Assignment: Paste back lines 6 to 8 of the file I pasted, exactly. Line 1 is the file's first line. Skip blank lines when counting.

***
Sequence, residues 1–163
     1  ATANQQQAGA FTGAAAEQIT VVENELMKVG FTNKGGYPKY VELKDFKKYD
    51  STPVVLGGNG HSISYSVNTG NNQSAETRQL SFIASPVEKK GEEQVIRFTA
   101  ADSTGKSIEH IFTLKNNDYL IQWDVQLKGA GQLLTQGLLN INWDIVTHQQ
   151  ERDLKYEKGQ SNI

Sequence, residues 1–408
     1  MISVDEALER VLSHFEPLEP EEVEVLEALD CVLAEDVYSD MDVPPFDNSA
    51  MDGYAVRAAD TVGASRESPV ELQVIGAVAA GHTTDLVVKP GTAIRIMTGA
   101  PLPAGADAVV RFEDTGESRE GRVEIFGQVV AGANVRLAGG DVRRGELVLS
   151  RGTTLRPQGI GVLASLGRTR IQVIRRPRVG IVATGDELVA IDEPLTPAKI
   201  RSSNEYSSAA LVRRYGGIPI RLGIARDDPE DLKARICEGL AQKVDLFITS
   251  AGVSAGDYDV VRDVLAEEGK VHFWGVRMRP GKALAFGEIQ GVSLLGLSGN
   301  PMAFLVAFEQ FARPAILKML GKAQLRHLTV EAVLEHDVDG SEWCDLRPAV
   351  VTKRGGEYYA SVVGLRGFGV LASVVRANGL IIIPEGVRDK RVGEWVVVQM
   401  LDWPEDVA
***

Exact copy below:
Sequence, residues 1–408
     1  MISVDEALER VLSHFEPLEP EEVEVLEALD CVLAEDVYSD MDVPPFDNSA
    51  MDGYAVRAAD TVGASRESPV ELQVIGAVAA GHTTDLVVKP GTAIRIMTGA